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          Five Fancy Rib Patterns: Strong & Sturdy Edition

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          When you find yourself wanting to move on from the knit-purl way of life, it might be time to try on a fancy rib! These five fancy rib knitting patterns  are of the strong and sturdy variety. They are sure to spruce up any ol' pattern. You might even fancy using one as an all-over stitch for a beautifully textured item!

          Here's how to knit five fancy ribs to add a powerful punch to your next knitting project

          Note: All patterns worked flat. Turn at the end of each row.

          Rick rack rib

          This super textured rib looks like rick rack edging and is accomplished with twisted stitches on both sides of your work. It is a great substitute for regular ribs on the edge of hats or socks.

          Multiple of 3 + 1

          Row 1: P1, *K into back loop of second stitch without slipping it off, K into first stitch normally and slip off both stitches, P1; Repeat from * to end of row.
          Row 2: K1, *With the yarn in front, P the second stitch without slipping it off, P the first stitch normally and slip off both stitches, K1; Repeat from * to end of row.
          Repeat Rows 1 and 2 for pattern.

          Twisted columns rib

          This rib stitch is worked over six stitches, with four knit stitches then two purls. Each group of four is further split into two pairs that are twisted on the right side rows, one to the left and one to the right. The twists create very attractive braid-like columns.

          LT (left twist): Knit into the back of the second stitch on the left needle, do NOT drop. Knit into the front of the first stitch, as usual, drop BOTH stitches.
          RT (right twist): Knit into the second stitch on the left needle, do NOT drop. Knit into the first stitch, as usual, drop BOTH stitches.

          Multiple of 6 + 2

          Row 1 (WS): K2, *P4, K2; Repeat from * to end of row.
          Row 2: P2, *LT, RT, P2; Repeat from * to end of row.
          Repeat Rows 1 and 2 for pattern.

          Diagonal rib

          The diagonal rib looks a bit confusing at first glance, but it is essentially an even knit two-purl two rib that gets shifted every other row. It lays flat and looks highly textured despite its simplicity.

          Multiple of 4

          Row 1 (WS): *K2, P2; Repeat from * to end of row.
          Row 2: repeat Row 1.
          Row 3: K1, *P2, K2; Repeat from * to last 3 stitches, P2, K1.
          Row 4: P1, *K2, P2; Repeat from * to last 3 stitches, K2, P1.
          Row 5: *P2, K2; Repeat from * to end of row.
          Row 6: repeat Row 5.
          Row 7: repeat Row 4.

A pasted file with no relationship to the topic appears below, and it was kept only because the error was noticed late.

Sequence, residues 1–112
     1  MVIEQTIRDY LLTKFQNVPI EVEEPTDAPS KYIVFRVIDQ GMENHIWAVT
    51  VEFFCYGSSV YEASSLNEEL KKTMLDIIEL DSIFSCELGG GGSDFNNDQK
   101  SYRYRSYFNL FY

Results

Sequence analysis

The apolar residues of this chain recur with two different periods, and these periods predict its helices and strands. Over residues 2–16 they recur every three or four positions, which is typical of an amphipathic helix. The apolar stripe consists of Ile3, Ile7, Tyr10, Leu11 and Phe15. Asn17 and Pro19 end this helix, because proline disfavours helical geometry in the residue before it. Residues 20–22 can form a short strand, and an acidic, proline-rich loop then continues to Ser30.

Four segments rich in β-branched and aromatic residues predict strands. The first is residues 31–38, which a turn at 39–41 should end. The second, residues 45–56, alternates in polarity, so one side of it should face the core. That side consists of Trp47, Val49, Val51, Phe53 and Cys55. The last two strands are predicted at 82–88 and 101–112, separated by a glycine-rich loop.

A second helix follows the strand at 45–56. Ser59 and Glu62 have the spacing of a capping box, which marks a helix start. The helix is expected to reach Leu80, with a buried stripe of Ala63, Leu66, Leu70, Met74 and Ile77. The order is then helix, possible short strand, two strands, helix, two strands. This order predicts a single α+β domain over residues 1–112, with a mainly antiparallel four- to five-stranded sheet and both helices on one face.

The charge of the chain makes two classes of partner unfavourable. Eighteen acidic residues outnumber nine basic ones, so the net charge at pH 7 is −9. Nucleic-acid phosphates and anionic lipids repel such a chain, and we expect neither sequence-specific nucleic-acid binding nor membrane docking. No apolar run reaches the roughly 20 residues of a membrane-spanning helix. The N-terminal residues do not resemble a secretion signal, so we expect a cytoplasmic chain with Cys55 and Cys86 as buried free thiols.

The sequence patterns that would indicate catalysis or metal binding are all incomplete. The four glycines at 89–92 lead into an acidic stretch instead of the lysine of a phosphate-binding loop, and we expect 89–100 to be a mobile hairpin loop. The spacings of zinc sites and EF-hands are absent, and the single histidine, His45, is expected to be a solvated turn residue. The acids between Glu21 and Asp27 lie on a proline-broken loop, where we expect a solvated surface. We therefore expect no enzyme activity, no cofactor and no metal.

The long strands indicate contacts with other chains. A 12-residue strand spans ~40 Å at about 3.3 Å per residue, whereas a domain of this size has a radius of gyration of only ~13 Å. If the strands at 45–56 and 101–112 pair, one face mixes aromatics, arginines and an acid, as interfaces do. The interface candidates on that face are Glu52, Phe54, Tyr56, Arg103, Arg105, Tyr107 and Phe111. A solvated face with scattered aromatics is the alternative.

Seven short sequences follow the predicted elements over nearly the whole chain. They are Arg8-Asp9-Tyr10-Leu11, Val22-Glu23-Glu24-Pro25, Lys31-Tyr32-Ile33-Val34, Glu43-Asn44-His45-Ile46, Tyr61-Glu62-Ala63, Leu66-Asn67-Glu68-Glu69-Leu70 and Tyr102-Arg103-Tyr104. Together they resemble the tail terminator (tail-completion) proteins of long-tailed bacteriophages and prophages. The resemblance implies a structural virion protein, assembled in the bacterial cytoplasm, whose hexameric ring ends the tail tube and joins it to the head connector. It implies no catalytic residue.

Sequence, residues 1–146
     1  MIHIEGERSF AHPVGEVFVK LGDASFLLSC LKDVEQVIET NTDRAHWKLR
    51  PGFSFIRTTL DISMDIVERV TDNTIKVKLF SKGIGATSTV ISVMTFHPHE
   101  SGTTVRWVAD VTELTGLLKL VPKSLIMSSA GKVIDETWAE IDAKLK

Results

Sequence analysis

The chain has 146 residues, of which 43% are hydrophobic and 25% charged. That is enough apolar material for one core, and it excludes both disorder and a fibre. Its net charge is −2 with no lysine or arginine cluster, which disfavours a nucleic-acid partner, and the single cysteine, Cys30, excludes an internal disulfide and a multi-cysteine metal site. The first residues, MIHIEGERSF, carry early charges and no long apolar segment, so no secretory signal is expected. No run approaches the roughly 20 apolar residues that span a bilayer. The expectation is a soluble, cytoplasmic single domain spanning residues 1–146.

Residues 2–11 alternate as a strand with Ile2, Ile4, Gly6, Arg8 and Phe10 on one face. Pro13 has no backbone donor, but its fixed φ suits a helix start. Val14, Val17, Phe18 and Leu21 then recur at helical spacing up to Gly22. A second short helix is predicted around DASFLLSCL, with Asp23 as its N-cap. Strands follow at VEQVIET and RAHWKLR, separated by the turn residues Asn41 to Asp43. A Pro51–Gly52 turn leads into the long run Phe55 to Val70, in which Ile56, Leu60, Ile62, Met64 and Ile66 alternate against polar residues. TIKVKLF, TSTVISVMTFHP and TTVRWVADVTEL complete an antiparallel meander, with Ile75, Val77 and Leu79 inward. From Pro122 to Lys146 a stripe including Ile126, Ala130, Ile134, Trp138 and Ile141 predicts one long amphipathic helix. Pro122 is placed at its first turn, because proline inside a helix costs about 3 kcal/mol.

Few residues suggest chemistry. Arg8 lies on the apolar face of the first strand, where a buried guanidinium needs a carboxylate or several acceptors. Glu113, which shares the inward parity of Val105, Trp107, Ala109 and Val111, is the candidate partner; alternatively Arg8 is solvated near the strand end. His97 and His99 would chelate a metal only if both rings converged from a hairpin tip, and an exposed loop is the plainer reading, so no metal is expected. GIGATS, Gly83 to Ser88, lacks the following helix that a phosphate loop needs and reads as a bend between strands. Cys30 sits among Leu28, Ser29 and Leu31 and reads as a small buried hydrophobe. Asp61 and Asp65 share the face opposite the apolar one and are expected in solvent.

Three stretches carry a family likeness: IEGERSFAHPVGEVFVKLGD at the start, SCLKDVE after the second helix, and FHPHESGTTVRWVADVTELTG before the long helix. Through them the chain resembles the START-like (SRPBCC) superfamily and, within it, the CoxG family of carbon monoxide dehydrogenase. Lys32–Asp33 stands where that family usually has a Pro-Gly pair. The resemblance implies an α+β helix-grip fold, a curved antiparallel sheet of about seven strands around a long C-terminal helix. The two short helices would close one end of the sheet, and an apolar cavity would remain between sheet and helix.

Row 8: repeat Row 3.
          Repeat Rows 1-8 for pattern.

          Fisherman's rib

          This classic rib pattern produces a thick fabric. It is a great choice for an all-over stitch if you want an extra warm hat or sweater. If worked next to stockinette, the ribbing is much thicker than the rest of the fabric, but it is also squishy and comfortable.

          Multiple of 2 + 1

          K1b (knit one below): knit into the stitch in the row below, then drop the stitch as usual.

          Setup row: K 1, *P 1, K 1; Repeat from * to end of row.
          Row 1: P 1, *K1b, P 1; Repeat from * to end of row.
          Row 2: K 1, *P 1, K1b; Repeat from * to end of row.
          Repeat Rows 1 and 2 for pattern.

          Mock Cables Rib

          Who has two thumbs and loves cables but not actually knitting cables? That would be me! Fortunately, these mini cables are a cinch! The effect is created by a twisted stitch once every 4 rows. No cable needle needed!

          Multiple of 4 + 2

          RT (right twist): Knit into the second stitch on the left needle, do NOT drop. Knit into the first stitch, as usual, drop BOTH stitches.

          Rows 1 and 3 (WS): K2, *P2, K2; Repeat from * to end of row.
          Row 2: P2, *RT, P2; Repeat from * to end of row.
          Row 4: P2, *K2, P2; Repeat from * to end of row.
          Repeat Rows 1-4 for pattern.

          That's it for today's edition of "Five Fancy Ribs!" I hope to come back with a lace edition soon. While these patterns fall under the category of "false" ribs, I feel they make good alternatives to your basic, even knit-purl ribs.

          Do you like the idea of fancy ribs, or do you feel that ribbing should be understated to let the rest of the pattern shine through? Either way, I hope you can find a stitch you maybe had not utilized in the past, even if you decide to use it as an all-over stitch instead of a rib.

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          Five Fancy Rib Patterns: Strong & Sturdy Edition